But this is far from unique. 'When I look at my medical colleagues, when I look at the porters, when I see people trying to feed people on 50p a meal, I would have difficulty pointing to anyone in the system who is not hugely stretched.'

Her 'back-to-the-floor' experience reinforced her belief that charge nurses and ward sisters need more support and development training.

'The research has been there for a long time: they are the ones who make the biggest significant difference to the quality of care provided in any clinical unit.When I was a ward sister I learned my vital skills the hard way, but you do not have to learn that way, ' she says.

'There are people who can teach leadership so this terrible tension between professional issues and organisational issues can be managed.'

Ms Andrews believes: 'It is important for charge nurses and ward sisters to understand the tough choices managers make because if you can understand it, you can influence it. To make people do what you want, you have to make it what they want.'

Leadership can be taught and will make a tremendous difference to ward managers trying to persuade managers that a ward's problem is also a manager's problem, and the solution will benefit both, she says.

The Royal College of Nursing leadership programme has been rolled out to 96 trusts in England. Trusts in Scotland, Wales and Northern Ireland are all considering taking on the programme.While nurses make up most of numbers on the programme, physiotherapists, occupational therapists, doctors and other disciplines may also take advantage of it.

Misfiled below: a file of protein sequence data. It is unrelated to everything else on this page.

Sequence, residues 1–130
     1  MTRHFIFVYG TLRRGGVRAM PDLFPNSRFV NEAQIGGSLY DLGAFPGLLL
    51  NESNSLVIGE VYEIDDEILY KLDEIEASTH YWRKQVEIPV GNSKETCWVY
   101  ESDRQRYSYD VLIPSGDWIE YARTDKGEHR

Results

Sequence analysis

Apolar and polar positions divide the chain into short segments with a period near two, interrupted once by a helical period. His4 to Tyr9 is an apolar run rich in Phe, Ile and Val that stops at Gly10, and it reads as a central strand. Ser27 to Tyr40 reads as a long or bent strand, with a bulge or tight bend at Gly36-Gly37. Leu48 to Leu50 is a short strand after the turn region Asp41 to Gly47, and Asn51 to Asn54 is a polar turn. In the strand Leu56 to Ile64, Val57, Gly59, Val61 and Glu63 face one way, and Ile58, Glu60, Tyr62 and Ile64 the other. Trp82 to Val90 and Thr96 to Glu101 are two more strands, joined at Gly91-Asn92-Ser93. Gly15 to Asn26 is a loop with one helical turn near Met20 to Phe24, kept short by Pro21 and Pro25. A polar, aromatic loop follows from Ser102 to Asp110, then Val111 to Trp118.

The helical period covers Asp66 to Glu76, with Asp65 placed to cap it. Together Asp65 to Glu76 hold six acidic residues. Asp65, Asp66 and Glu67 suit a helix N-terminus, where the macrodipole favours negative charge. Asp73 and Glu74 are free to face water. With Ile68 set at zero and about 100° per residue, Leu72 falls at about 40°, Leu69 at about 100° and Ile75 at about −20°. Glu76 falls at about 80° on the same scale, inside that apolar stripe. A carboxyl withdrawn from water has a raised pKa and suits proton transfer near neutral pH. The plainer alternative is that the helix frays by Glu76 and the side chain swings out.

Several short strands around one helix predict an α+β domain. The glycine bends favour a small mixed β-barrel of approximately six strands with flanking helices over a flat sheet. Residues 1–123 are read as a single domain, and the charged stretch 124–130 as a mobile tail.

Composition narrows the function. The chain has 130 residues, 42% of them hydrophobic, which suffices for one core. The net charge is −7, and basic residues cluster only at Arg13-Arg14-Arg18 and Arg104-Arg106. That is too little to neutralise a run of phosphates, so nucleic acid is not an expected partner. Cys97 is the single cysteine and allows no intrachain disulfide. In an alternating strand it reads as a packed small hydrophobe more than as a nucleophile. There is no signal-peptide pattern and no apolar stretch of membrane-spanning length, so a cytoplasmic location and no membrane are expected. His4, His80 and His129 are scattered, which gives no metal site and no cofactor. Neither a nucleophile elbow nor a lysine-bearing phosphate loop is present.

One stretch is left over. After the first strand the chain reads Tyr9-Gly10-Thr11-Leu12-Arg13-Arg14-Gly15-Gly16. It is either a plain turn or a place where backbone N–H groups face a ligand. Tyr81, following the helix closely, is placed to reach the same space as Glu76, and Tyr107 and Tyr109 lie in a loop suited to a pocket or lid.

The programme trains a local facilitator to deliver the course locally to 12 clinical leaders in a trust, and the whole course lasts about 18 months. 'The strength of the programme is we bring people together, and that provides networks of support between them, ' says Geraldine Cunningham, codirector of the RCN leadership programme.

'It is about putting them in a position where they are taking responsibility for the areas they can influence, moving them away from having large areas of concern and small areas of influence.'

She continues: 'Traditionally, charge nurses and ward sisters were prestigious roles and That is been eroded because they're bogged down by a lot of management work and they're less visible in the clinical area.We are focusing on leadership development, helping them to be confident about themselves, to articulate what their needs are and be confident in their ability to improve patient care.'

June Andrews believes ward managers are in a position to know what their strengths and weaknesses are and what sort of information or learning they would most benefit from.

This is why, she says, the leadership development programme can be of benefit: 'You do not get to be a ward sister or charge nurse without a considerable amount of experience.

'You are then in a position to know what tools you need, to do what you want to do.'

Nick Lawton,40, charge nurse, dermatology, Queen's Medical Centre, Nottingham 'As a charge nurse, you are in the driving seat and have to empower other people to take things forward.I was involved in setting up the day treatment unit but now we have a co-ordinator to run it.